As my wonderful HT internship supervisor Carol LaRoque at the Mental Health Center of Denver often reminds me, it takes a village (or more than one) to make a difference, the JCOS horticultural therapy program wouldn’t have been possible without the incredible support from the entire school community. I simply shared with them all of the wonderful things that I learned from the Horticultural Therapy Institute.

The HT management class was so well design and implemented that by simply following the instructors’ directions, I was able to write a very well-received HT proposal and successful grant. For program sustainability, more grants are currently in progress as well as presentations to the community to increase interest and financial support. “Happy Dirty Feet” made its first baby steps in 2014 and is determined to grow stronger and happier. Future goals of the program include research collaborations with local universities, expanding the program to more schools within Jefferson County, and developing an intergenerational program between JCOS secondary students and local senior centers.

I am profoundly grateful to the Horticultural Therapy Institute, the Jefferson County Open School, and my HT internship site at the Mental Health Center of Denver. By providing me with opportunities, knowledge, and skills, I have strengthened my inspiration to help our younger generations to grow happier, stronger and healthier.

Loredana Farilla directs the HT program at the Jefferson County Open Space School and is a graduate of the HT Institute.

HT Institute announces new fall classes:


Three new beginning Fundamentals of Horticultural Therapy classes are scheduled for the fall with a new location in Kirtland, OH. The schedule is as follows:

Oct. 15-18, 2015
Herb Society of America
Kirtland, Ohio

Oct. 29-Nov. 1, 2015
Anchor Center for Blind Children
Denver, Colorado

Nov. 12-15, 2015
Skyland Trail
Atlanta, GA

The remaining three classes in the certificate series will be held in 2016 in Colorado and North Carolina. Dates will be posted by May. Check out the website at for more details or to enroll in a class.

HTI Happenings:

Pam Catlin, HTR current HTI faculty will present: The Growing Difference…..The Power of Connecting Through Nature at the Northern Arizona Alzheimer’s Association Desert SW Chapter’s Conference on March 25.

New Blog connects people with natural world

By: Susan Morgan

susan morganWorking with clients, researching and writing activity plans, doing paperwork and invoicing, marketing services, hunting and shopping for supplies, staying up-to-date on trends in the field…juggling the many hats of a horticultural therapy practitioner can be quite challenging, especially if you don’t have a network of people around for regular support. In response, I created eat|breathe|garden that houses information in one spot and also serves as a creative outlet for my photography and writing. (jump here)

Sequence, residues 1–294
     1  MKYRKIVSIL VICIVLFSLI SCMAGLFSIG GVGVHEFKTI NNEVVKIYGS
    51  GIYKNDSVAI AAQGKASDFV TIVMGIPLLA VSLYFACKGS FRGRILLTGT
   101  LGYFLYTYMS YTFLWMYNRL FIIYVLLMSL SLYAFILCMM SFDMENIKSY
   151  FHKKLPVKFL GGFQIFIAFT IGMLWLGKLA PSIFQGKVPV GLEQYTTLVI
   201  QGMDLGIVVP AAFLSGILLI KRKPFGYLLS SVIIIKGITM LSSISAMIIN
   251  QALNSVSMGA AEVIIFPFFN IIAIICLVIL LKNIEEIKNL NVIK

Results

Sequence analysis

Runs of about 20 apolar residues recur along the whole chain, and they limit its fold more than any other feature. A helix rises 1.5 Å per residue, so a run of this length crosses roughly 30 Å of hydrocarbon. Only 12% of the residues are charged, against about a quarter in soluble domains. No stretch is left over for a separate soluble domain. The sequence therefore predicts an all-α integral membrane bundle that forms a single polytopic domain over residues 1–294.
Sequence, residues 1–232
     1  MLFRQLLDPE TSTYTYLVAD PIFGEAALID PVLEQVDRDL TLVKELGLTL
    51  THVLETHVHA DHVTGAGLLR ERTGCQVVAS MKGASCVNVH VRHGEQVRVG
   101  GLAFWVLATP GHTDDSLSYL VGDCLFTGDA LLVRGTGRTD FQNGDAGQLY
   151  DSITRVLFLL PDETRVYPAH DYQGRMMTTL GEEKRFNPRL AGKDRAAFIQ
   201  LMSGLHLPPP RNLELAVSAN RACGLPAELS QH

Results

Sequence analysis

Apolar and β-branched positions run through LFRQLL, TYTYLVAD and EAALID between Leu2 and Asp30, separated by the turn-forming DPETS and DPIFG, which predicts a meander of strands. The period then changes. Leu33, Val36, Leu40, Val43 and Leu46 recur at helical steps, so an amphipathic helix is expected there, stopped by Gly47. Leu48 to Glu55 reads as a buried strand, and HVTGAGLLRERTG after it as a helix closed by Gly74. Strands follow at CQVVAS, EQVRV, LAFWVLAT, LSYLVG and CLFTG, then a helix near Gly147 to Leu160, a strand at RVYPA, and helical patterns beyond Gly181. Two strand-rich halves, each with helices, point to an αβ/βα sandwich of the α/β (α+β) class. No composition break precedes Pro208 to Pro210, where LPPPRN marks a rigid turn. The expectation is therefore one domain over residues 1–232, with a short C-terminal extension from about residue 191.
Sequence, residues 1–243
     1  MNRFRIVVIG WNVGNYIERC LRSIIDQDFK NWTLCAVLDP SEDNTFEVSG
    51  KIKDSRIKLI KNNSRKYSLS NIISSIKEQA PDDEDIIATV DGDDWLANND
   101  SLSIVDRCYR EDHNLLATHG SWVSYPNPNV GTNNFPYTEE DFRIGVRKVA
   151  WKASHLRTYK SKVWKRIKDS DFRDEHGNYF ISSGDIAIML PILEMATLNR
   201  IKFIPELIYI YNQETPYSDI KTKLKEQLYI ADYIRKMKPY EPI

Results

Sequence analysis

The primary objective of eat|breathe|garden is to connect people with the natural world through the sharing of activity ideas and recipes, interesting publications and links, anecdotes from personal experience, inspiring quotes and other tidbits, and other information relevant to practitioners and others seeking to connect with nature. Through weekly posts, it is my hope to share activity ideas and how I deliver them for clients, talk about my personal experiences as a private therapeutic horticulture practitioner, and host guest bloggers who present their own ideas and experiences. The tone of this blog is intended to be informative yet lighthearted and interjected with humor.

Like the work that we do, eat|breathe|garden is a dynamic and fluid project and will evolve in response to personal whims and the (supportive) feedback I receive from others. Though it has been up and running since the fall, I am still playing with the layout and building content, and I seek and welcome your constructive input as it develops. What burning questions do you have? What kind of information are you looking for? Would you be willing to contribute as a guest blogger or a sharer of interesting information? Please check it out at

Susan is the owner and therapeutic horticulture practitioner at The Horticultural Link ( in Dallas. She is the 2014 recipient of the AHTA Alice Burlingame Humanitarian Award. Contact her at [email protected]


View the recording of a recent live webinar:

Topic: Entering the Profession of Horticultural Therapy

You will learn:

  • What is horticultural therapy?
  • Where is it practiced?
  • Who does it serve?
  • How can you receive training?

View the webinar here